Back in 2011 we took umbrage at the fence surrounding the Vitra Campus in Weil am Rhein and so, taking up Ronald Regan’s mantle, issued a challenge to Vitra’s Chairman Emeritus Rolf Fehlbaum “Mr Fehlbaum! Tear down this wall” we demanded, “Or at least move it a little. Please”
And Rolf Fehlbaum listened. And has indeed moved it a little. Thank you!1
However, being a much more enlightened man than us, Rolf Fehlbaum thought further and not only took the opportunity thus created to invite Portuguese architect Álvaro Siza to landscape a promenade linking the Vitra House with Zaha Hadid’s Fire Station building, but also engaged artist Carsten Höller to develop an installation for the newly liberated space. The result is the Vitra Slide Tower, an object that does pretty much what it sounds like it should.
The decision to invite Álvaro Siza to landscape the promenade was, according to Rolf Fehlbaum, no random decision, rather was made on the basis of Siza’s previous landscaping projects including his swimming pool complex in Leça da Palmeira and the Museum of Contemporary Art in Santiago di Compostela. Winding some 500 metres around the western edge of the Vitra Campus the Álvaro-Siza-Promenade is lined with hornbeam hedges, the neat row occasionally opening to reveal green spaces, views across the Vitra Campus and seating areas ringed with granite benches. On its way it passes Renzo Piano’s Diogene and the new Vitra Slide Tower before passing through a narrow gap in a brick and granite wall from where a vista opens at the end of which stands the Fire Station.
Yes, it’s a path.
No, there was no need to hire a Pritzker Prize winning architect to landscape it.
Álvaro Siza has created a promenade that takes the chore out of walking a path. Much like a football referee has done his job well if no-one can remember what they did during a match, so to should such a promenade be undertaken without you having the feeling your walking somewhere. Álvaro Siza has achieved that with a path in which nature and architecture don’t blend effortlessly but one in which they are forced to compete with one another, to fight for their position. Something both components successfully achieve with more than a modicum of charm.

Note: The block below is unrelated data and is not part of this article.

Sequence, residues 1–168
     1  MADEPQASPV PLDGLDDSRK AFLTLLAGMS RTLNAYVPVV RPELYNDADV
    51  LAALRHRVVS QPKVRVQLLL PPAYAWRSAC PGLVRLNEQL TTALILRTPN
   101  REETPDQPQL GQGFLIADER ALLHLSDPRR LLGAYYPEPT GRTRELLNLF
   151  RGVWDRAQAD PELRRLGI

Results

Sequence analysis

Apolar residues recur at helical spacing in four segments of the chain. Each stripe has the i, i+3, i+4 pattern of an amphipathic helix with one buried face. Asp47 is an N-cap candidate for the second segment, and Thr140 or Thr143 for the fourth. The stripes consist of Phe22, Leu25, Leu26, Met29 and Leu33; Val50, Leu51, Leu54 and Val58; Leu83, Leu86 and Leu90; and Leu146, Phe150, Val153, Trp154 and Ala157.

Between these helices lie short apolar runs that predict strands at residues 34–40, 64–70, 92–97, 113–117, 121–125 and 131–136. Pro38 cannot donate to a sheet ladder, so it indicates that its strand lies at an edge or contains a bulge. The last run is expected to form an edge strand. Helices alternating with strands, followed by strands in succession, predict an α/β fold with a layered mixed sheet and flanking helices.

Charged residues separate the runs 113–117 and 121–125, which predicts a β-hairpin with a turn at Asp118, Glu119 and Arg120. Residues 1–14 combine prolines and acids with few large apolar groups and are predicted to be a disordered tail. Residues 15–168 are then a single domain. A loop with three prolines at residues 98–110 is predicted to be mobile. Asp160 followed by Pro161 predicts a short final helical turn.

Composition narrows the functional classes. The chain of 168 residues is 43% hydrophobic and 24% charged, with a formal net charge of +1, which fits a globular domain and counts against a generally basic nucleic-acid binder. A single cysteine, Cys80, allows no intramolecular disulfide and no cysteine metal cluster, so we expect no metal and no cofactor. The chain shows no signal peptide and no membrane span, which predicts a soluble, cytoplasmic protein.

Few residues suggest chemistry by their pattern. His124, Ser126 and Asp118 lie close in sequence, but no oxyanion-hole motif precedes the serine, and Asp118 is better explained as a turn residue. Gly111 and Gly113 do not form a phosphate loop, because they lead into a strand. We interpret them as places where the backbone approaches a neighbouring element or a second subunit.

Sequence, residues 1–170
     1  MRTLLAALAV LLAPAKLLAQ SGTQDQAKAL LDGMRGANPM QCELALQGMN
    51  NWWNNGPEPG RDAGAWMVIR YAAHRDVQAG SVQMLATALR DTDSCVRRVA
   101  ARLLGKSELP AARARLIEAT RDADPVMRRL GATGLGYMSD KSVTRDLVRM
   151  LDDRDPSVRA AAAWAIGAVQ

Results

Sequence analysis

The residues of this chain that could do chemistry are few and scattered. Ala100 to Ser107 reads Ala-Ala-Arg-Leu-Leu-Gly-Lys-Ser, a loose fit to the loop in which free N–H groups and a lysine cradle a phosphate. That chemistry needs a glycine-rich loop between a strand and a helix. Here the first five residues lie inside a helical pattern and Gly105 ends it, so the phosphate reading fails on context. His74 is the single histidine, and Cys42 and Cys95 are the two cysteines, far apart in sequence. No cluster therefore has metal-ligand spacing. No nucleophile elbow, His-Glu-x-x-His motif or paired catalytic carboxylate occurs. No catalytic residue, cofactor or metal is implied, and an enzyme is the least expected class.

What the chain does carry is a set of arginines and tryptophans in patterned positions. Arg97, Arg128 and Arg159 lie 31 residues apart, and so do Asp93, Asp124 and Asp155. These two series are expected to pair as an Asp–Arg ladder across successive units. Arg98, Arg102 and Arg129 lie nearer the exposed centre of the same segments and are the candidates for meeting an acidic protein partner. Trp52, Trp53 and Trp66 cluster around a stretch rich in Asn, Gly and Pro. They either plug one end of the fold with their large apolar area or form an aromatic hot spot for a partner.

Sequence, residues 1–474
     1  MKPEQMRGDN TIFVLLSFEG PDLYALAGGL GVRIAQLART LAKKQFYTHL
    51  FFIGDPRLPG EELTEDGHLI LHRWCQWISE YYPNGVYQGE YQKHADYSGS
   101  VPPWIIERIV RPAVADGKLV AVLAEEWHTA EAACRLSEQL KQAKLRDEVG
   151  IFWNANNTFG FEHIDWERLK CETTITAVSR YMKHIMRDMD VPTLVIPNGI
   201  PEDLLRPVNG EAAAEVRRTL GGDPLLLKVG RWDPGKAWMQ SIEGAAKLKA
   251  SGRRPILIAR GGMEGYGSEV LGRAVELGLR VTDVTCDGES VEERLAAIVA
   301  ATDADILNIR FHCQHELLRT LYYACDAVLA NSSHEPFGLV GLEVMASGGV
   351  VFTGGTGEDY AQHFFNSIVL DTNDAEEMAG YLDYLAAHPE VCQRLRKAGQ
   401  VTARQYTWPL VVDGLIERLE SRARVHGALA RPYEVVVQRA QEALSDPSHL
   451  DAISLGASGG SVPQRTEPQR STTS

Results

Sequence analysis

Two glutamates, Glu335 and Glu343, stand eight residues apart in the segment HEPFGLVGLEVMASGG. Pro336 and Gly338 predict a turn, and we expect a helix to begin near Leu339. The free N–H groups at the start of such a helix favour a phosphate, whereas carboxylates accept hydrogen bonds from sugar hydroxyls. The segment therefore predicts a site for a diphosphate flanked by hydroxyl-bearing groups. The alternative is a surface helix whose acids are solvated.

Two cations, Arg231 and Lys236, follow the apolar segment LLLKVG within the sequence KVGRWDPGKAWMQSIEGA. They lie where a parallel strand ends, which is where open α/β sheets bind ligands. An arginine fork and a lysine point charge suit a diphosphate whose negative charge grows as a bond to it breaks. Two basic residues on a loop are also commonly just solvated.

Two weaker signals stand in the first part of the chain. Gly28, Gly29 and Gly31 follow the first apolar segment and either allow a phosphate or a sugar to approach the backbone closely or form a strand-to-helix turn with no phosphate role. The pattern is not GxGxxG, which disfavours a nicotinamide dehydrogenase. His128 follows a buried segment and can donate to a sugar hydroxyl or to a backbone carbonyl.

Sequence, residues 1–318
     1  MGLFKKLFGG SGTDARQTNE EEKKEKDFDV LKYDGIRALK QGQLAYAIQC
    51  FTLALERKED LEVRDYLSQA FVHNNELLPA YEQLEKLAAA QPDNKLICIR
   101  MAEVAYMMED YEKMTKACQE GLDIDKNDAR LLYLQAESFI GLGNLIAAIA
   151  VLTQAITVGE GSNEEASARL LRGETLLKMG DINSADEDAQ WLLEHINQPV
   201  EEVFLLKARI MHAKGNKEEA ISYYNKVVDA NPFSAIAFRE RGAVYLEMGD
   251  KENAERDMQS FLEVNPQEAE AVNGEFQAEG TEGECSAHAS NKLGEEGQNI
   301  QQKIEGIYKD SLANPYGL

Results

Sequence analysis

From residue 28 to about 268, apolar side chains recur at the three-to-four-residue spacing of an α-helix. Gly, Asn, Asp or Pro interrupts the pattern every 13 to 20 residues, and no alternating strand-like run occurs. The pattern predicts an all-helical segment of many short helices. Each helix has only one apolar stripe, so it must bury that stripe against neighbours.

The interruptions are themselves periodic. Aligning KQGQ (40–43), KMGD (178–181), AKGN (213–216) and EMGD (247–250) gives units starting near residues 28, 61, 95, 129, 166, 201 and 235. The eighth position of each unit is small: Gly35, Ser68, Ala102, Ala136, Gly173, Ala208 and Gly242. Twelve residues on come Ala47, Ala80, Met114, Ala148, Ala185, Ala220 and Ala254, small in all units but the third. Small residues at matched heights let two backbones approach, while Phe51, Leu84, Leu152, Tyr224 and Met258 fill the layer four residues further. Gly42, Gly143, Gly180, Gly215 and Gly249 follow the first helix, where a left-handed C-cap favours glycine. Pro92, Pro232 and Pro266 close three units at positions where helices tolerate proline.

The structure that makes the least effort to blend in or otherwise adapt is without question Carsten Höller’s Vitra Slide Tower. Standing some 30 metres high the Slide Tower is not an especially attractive piece of work, extruding as it does the aesthetic charm of your average electricity pylon. It does however have something unquestionably 1950s trash American retro about it. We’re not saying a touch of the Las Vegas in Weil am Rhein, but at night when the rotating clock is illuminated there is something satisfyingly trashy about it. Like the Manic Street Preacher’s first album. We appreciate we’re probably supposed to say it reminds us of Russian Constructivist architecture à la Tatlins Tower, which it does, but….
The visual appearance of the piece however is of less importance, what is important is what it is. The process leading to the tower began when Rolf Fehlbaum considered how one could integrate more art into the Vitra Campus site. A sculpture garden didn’t appeal to him, then the contemporary art curator Theodora Vischer suggested he ask Carsten Höller. From the ideas Carsten presented the concept of a tower with slide caught Rolf Fehlbaum’s imagination the most: on the one hand an art instillation but an art installation with elements of architecture and play. And did Charles Eames not implore us to “Take your pleasure seriously”. The 38m long perspex covered slide allows you to do just that. While from the viewing platform one can enjoy a delightful, and much more sedate, panorama over Weil am Rhein, north Basel, the Tüllinger hills and of course the Vitra Campus.
All in all an excellent addition to the Vitra Campus and something which genuinely adds an extra dimension to any visit.
The Álvaro-Siza-Promenade can be freely enjoyed by all 24/7. The Vitra Slide Tower is open daily from 10am to 6pm, it is free, but be prepared to explain to younger children that use is restricted to those over 6 years old and/or 1.3 metres tall. Which is something we suspect will cause one or the other tantrum this summer. “But it’s a SLIDE mum!!”
In addition to the additions to the Vitra Campus the Vitra Design Museum Gallery is currently presenting the exhibition “Álvaro Siza – Visions of the Alhambra“. It is the same exhibition as previously shown at the Aedes Architecture Forum in Berlin. And so we refer interested readers to our previous post. And until Sunday September 14th the exhibition Konstantin Grcic – Panorama can be enjoyed at the Vitra Design Museum itself.
1. There may be a certain degree of dramatic licence in these opening sentences…..